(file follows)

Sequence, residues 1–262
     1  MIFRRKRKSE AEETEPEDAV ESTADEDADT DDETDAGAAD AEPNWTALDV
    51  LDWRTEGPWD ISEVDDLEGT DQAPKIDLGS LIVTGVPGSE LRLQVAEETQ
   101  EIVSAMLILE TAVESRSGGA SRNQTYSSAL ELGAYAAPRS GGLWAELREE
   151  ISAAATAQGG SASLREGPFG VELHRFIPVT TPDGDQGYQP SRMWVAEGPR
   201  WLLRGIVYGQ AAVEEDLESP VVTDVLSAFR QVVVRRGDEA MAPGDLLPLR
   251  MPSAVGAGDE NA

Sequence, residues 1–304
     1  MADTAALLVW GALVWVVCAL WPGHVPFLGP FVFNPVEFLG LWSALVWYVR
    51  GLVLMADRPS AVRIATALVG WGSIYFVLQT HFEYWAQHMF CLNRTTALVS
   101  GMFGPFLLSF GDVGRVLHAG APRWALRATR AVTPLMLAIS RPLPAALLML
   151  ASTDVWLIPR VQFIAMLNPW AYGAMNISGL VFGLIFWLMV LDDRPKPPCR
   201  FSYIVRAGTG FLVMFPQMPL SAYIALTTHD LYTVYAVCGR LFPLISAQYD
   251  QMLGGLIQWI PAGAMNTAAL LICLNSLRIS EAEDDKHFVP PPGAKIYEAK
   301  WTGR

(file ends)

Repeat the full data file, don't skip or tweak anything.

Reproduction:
Sequence, residues 1–262
     1  MIFRRKRKSE AEETEPEDAV ESTADEDADT DDETDAGAAD AEPNWTALDV
    51  LDWRTEGPWD ISEVDDLEGT DQAPKIDLGS LIVTGVPGSE LRLQVAEETQ
   101  EIVSAMLILE TAVESRSGGA SRNQTYSSAL ELGAYAAPRS GGLWAELREE
   151  ISAAATAQGG SASLREGPFG VELHRFIPVT TPDGDQGYQP SRMWVAEGPR
   201  WLLRGIVYGQ AAVEEDLESP VVTDVLSAFR QVVVRRGDEA MAPGDLLPLR
   251  MPSAVGAGDE NA

Sequence, residues 1–304
     1  MADTAALLVW GALVWVVCAL WPGHVPFLGP FVFNPVEFLG LWSALVWYVR
    51  GLVLMADRPS AVRIATALVG WGSIYFVLQT HFEYWAQHMF CLNRTTALVS
   101  GMFGPFLLSF GDVGRVLHAG APRWALRATR AVTPLMLAIS RPLPAALLML
   151  ASTDVWLIPR VQFIAMLNPW AYGAMNISGL VFGLIFWLMV LDDRPKPPCR
   201  FSYIVRAGTG FLVMFPQMPL SAYIALTTHD LYTVYAVCGR LFPLISAQYD
   251  QMLGGLIQWI PAGAMNTAAL LICLNSLRIS EAEDDKHFVP PPGAKIYEAK
   301  WTGR